Integrated Pest Management Pays for Midwestern Watermelon Growers
By John J. Ternest
Farmers must consistently make challenging decisions when protecting their crops from damaging insect pests and the pathogens they spread. These decisions include a variety of complex factors that must be considered, such as whether an insecticide application is necessary, when and what to apply and the cost of doing so, as well as potential nontarget impacts of those applications. The outcome of this decision-making process can be the difference between a successful crop and yield losses or the use of costly inputs that threaten farm sustainability.
In Indiana watermelon production, farmers often take a preemptive approach to pest management that relies on prophylactic use of insecticides to manage the primary pest of concern, striped cucumber beetle (Acalymma vittatum). These applications typically occur below the established economic threshold of five beetles per plant, which increases risk to beneficial predators that reduce secondary pest populations (e.g., aphids, mites) and pollinators that are essential for watermelon fruit set. Additionally, if pests are managed too aggressively, farmers may be wasting money on unnecessary insecticide applications.
Fortunately, farmer decision-making is supported by integrated pest management (IPM), which aims to manage pests at non-damaging levels via a holistic set of management practices that can lead to reduced reliance on insecticides.
In a study published this month in the Journal of Economic Entomology, colleagues and I at Purdue University assessed pest management practices and economics for Indiana watermelon production. This research is one component of a regional project led by entomologists at Purdue that seeks to better understand the impacts of pest management on pollinators in Midwestern cucurbit production.
Assessing the Pest and Developing a Scouting Protocol
To assess the threat posed by the pest we scouted for striped cucumber beetle (SCB) over a two-year period on 30 commercial watermelon fields. Across 281 individual field visits, the economic threshold (ET) for SCB was never reached and levels were seldom observed at even two SCB per plant. This indicated that farmers were effectively controlling the pest, even on farms that rarely or never applied chemicals.
Using these pest scouting data, we developed a scouting protocol that will allow farmers to quickly and effectively assess the density of SCB in their watermelon field. This was a key component for the effective implementation of IPM in this system, as it allows farmers to assess pest densities in relation to the ET and only apply insecticides when it is exceeded. Prior to this research the ET was known, but farmers had no way to effectively and confidently scout for pests.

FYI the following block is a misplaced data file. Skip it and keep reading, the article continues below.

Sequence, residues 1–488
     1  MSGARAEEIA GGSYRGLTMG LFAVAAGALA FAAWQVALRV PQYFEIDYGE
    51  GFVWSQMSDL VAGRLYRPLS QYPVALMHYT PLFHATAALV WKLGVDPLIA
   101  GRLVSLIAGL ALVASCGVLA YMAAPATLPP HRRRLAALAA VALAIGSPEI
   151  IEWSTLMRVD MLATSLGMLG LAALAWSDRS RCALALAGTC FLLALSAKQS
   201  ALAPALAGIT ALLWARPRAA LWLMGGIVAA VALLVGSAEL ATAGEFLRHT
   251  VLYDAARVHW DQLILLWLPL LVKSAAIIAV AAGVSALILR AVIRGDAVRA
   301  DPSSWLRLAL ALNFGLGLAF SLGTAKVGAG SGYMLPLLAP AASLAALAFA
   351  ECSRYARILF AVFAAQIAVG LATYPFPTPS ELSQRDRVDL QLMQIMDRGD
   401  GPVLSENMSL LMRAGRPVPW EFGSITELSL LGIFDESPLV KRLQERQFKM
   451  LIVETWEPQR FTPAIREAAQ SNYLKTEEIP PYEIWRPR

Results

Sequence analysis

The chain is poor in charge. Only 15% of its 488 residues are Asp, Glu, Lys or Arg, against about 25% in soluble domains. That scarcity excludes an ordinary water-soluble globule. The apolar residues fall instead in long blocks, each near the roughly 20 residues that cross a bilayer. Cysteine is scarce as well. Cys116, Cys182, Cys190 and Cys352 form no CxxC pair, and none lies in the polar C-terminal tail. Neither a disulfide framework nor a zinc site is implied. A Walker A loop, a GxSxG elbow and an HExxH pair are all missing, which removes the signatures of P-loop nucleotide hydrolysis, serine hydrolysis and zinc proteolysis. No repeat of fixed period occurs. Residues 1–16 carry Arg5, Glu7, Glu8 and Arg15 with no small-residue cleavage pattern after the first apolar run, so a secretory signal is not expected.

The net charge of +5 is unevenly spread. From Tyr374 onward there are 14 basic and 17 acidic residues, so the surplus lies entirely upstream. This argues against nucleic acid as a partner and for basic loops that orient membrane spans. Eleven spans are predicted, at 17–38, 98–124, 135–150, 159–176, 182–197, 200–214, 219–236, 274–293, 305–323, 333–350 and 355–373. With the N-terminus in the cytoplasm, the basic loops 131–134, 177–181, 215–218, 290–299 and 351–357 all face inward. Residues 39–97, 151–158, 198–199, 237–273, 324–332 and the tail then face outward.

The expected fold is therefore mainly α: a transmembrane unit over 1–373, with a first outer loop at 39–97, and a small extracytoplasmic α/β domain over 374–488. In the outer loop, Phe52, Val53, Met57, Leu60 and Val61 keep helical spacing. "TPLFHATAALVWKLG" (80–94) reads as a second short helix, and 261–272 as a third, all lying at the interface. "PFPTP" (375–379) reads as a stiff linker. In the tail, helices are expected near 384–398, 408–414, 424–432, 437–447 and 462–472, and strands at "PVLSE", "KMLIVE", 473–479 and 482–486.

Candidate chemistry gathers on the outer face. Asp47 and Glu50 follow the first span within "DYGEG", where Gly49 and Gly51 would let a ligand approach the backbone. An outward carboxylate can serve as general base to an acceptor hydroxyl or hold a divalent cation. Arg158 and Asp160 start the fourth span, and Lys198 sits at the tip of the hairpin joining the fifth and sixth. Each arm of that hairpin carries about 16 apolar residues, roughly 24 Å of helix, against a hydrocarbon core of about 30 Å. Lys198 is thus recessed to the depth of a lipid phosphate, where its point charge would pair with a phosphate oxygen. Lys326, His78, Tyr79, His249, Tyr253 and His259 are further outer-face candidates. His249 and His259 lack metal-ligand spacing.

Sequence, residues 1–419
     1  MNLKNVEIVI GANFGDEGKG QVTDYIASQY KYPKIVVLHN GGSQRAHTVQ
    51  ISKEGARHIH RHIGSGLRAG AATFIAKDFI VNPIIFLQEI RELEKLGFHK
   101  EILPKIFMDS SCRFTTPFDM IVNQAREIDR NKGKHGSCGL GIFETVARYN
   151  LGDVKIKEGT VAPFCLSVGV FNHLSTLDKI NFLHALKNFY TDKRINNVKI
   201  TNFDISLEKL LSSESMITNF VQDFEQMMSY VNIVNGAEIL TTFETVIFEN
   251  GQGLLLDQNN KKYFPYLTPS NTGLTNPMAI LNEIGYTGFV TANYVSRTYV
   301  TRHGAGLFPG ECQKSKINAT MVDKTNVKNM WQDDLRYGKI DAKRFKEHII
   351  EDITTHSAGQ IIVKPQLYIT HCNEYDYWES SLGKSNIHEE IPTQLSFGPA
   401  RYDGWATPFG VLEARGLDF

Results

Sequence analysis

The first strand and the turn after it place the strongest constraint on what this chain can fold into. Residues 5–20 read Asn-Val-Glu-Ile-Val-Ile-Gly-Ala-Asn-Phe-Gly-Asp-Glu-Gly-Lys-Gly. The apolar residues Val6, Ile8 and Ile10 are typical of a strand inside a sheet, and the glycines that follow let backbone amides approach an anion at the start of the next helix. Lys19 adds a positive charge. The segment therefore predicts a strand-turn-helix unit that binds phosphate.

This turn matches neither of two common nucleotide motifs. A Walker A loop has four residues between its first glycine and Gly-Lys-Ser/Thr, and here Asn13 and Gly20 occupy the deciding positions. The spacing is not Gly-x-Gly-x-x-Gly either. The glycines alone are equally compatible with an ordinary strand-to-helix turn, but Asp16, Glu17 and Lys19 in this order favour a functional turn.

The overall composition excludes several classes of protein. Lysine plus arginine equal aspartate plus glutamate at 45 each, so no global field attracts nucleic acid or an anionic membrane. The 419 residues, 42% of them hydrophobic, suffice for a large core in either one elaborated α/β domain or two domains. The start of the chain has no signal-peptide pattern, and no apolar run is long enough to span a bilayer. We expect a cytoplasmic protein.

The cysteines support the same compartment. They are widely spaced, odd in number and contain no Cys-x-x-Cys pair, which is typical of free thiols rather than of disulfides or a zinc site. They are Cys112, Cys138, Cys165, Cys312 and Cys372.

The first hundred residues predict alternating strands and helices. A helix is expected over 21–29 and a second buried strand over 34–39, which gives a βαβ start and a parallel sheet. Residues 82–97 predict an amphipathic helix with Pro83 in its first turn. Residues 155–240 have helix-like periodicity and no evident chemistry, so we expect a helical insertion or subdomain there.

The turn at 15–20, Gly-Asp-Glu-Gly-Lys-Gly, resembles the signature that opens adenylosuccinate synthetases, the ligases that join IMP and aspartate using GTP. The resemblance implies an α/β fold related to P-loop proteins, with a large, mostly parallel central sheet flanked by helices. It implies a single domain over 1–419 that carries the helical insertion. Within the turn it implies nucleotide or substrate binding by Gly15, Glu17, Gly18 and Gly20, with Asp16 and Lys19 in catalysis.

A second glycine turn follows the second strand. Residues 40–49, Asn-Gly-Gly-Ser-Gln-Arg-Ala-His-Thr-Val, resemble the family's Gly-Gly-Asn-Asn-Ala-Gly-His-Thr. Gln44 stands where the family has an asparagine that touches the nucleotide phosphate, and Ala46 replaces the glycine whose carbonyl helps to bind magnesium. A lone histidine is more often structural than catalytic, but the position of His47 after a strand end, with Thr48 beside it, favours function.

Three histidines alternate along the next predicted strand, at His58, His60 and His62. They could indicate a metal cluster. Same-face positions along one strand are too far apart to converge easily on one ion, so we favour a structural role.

The Value of Scouting and IPM
In addition to the scouting protocol, we examined insecticide use for SCB management. Across the 30 sites, only four never used insecticides, despite the threshold never being reached on any field. This meant that nearly every farm in the study applied insecticides prophylactically rather than in response to pest densities, or they used a lower density than the ET recommended by extension entomologists. Of farms that applied insecticides, the number of unique applications ranged from one to 10 per season. Compared to pest densities, we found that after an insecticide had been applied one time, there was no further pest management benefit from subsequent applications. A single insecticide application was sufficient for season-long control. Paired with the already low SCB densities in the system, this indicates that many insecticide applications were likely unnecessary.
To further demonstrate the value of scouting and threshold-based IPM practices, we compared the cost of scouting with insecticide costs. When implemented for a season, scouting costs were quickly overtaken by savings from the reduction of insecticide applications. Eliminating just one insecticide application on the average field was estimated to pay for scouting costs for the entire season.
This research demonstrates that scouting and threshold-based IPM is an effective means of managing SCB in Midwestern watermelon production. This is particularly the case in watermelon where SCB-transmitted bacterial wilt is not a concern as it is in other cucurbits like cucumber and cantaloupe, and thus higher densities can be more readily tolerated. If implemented, we expect that watermelon farmers can reduce their insecticide inputs and potential for nontarget effects on pollinators while also reducing the cost of their pest management regimen.
Journal of Economic Entomology
John J. Ternest is a Ph.D. student in the Entomology and Nematology Department at the University of Florida in Gainesville, Florida. He completed his master’s degree in entomology at Purdue University in 2019. Twitter: @TernestJ. Email: firstname.lastname@example.org.